After a single, career-minded woman is left on her own to give birth to the child of a married man, she finds a new romantic chance in a cab driver. Meanwhile the point-of-view of the newborn boy is narrated through voice over.
23 year old Jame Dean Ray is a small time drug dealer bent on self destruction. The product of a broken home, Jimmy refuses help from those around him and spends his final hours hanging out... See full summary »
Is there room in Manhattan for a decent kid? Can a young woman see past a cad to true love? Paul, from rural upstate, comes to New York City for college. To keep his scholarship, he must study hard and do well. That makes him a loser to his partying roommates who connive to kick him out of their suite. He's assigned a room in an animal hospital. In class he meets Dora, a pretty coed who needs a job to pay for school, and who's the very young lover of their sarcastic and selfish lit professor. When Dora is slipped some drugs at a party, Paul nurses her back to health, and a friendship follows. For Paul, though, it's more than friendly feelings. Can they work things out for them to become a truly lucky couple? Written by
During the scene where Paul sits at the fountain in the quad, the song Scarborough Fair by Simon and Garfunkel is playing. This scene is an homage to The Graduate (1967). Jason Biggs actually played the main role of Benjamin Braddock in a Broadway run of 'The Graduate' See more »
Toronto buildings are seen in "New York" throughout the movie. (e.g. when Paul and Dora are walking on the street at night, they walk past Lee's Palace, a concert hall on Bloor St.) See more »
Man, our T.G. party was a total bust. Every time I got close to hittin' it with one of those new mamas, her evil girlfriend's got to show up and screw everything up.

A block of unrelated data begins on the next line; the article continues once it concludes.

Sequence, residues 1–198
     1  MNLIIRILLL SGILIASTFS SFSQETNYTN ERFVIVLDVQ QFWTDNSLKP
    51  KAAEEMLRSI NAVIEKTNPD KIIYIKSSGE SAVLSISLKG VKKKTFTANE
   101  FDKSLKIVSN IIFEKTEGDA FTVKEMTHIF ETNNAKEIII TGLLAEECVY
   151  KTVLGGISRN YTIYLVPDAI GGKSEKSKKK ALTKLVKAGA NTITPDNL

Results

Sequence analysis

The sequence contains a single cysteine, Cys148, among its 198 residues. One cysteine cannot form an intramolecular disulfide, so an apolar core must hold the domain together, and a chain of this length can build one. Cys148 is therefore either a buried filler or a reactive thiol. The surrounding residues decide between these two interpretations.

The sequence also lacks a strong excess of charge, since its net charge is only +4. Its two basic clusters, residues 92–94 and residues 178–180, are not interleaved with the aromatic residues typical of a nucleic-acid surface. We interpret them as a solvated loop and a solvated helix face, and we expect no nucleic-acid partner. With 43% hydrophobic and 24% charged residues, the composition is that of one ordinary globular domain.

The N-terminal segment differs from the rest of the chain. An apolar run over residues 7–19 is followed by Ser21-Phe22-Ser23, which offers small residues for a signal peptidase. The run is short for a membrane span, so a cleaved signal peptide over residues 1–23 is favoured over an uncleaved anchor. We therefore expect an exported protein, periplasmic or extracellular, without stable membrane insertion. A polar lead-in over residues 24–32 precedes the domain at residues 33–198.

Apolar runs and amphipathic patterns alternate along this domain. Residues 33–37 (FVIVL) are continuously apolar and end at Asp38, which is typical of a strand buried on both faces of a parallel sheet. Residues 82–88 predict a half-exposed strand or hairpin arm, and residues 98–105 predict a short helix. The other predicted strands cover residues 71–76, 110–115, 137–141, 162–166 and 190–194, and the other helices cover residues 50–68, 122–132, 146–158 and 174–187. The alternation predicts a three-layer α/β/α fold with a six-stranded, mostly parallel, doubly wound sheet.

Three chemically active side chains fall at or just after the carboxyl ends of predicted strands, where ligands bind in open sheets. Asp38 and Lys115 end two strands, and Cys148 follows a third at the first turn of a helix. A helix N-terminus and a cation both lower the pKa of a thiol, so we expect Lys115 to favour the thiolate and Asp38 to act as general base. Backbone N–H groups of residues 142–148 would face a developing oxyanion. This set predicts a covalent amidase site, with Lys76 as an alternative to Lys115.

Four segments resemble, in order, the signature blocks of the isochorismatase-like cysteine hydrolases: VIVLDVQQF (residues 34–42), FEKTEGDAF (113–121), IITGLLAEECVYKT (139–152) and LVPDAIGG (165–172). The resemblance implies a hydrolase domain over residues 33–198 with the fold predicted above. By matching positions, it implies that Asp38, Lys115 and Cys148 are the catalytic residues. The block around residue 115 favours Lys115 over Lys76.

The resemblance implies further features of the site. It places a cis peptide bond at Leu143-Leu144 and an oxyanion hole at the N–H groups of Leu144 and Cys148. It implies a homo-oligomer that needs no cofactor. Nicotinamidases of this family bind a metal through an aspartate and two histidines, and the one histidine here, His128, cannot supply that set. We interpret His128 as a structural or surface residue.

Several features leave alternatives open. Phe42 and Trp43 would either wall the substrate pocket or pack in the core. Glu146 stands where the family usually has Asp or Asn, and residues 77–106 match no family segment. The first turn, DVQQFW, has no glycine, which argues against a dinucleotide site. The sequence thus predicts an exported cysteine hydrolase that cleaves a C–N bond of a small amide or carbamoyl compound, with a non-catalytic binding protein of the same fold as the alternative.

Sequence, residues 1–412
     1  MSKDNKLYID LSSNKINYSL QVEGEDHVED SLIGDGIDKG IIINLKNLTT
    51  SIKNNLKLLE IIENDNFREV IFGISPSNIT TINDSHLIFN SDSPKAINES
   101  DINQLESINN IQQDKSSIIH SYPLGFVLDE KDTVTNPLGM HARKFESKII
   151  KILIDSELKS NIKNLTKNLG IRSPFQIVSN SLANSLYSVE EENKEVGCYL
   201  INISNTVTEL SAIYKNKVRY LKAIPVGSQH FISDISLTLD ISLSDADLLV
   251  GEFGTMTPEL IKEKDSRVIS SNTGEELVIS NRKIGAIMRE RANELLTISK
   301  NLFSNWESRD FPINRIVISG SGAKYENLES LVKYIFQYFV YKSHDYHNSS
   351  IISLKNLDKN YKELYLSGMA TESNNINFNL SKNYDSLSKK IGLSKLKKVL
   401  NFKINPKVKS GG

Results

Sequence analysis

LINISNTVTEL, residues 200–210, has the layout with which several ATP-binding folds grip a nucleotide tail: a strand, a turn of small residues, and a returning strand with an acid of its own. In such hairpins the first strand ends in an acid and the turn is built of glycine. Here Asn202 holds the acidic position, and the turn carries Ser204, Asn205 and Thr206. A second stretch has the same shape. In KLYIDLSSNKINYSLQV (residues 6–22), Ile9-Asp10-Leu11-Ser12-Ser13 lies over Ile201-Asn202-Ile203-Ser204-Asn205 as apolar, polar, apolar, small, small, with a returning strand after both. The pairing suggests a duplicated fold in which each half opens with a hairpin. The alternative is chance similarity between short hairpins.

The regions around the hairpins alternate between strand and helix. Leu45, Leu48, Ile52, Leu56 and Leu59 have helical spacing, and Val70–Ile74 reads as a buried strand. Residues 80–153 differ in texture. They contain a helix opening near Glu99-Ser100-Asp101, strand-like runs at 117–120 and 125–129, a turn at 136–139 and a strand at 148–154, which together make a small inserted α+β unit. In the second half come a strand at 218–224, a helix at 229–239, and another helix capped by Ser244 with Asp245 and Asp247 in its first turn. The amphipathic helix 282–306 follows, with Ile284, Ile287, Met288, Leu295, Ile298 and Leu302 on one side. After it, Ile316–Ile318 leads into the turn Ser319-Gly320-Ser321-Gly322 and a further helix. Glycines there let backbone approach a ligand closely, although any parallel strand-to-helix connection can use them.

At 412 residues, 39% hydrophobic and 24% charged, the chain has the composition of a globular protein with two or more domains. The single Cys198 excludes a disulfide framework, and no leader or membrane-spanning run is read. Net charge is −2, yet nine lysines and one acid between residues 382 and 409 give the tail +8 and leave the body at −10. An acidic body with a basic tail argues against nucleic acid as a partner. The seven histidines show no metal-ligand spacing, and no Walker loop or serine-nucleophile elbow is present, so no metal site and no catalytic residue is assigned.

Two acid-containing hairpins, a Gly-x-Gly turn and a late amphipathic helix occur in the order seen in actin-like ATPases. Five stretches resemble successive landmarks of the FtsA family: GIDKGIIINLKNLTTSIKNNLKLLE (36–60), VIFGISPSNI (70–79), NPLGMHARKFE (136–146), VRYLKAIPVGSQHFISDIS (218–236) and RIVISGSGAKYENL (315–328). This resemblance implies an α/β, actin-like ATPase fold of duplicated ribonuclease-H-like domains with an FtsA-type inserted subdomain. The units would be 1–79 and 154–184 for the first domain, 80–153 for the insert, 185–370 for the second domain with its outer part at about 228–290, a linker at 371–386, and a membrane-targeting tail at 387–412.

What we need is a higher female-to-male ratio, like in cool nightclubs, you know, where they let in five times as many women as men.
How are we gonna get five times as many women to show up?
We have a party but we call it a fundraiser.
So we gotta think of a charity.
It's gotta be the right charity. It's got to attract hotties.
[...] See more »
Yes, Loser is a very predictable film. Plotwise, it follows most other romantic comedy type movies. But still, there is enough here to make it stand out somewhat. Granted, being better than most teen romantic comedies isn't much of an accomplishment, but Loser is a good movie, even though I knew what was going to happen.
I thought Jason Biggs played his part as Paul very well. He had the loser-like goofiness that inspired quite a few laughs, but you could also tell how much the character loved Mena Suvari's character, Dora. Greg Kinnear is also very good as Professor Alcott, Dora's love interest at the beginning of the movie. When all is said and done, Paul comes out as a winner, not a Loser, because he realizes that you don't have to fit in with everyone else to be "cool." That's what really sets this movie apart from lots of other recent teen movies. It does have a point. Obviously, it's not extremely deep, and it won't change your life or anything, but it's still good, and it makes the movie very worthwhile.
I think that lots of people didn't like this movie because they were expecting something along the lines of American Pie, given that both Biggs and Suvari were in that. If you're looking for American Pie, you will not like Loser. Although billed as a comedy, there are some times when it's downright serious, especially further into the movie. If you want non-stop gross-out humor, Loser is not for you. If, however, you want to see a good romantic film, that's funny at times, but serious at other, just like real life, then I think you will enjoy Loser. Yes, the basic plot is quite familiar, but there's enough extra stuff to keep it interesting and make it stand out from the crowd of bad teen comedies that have been around lately.
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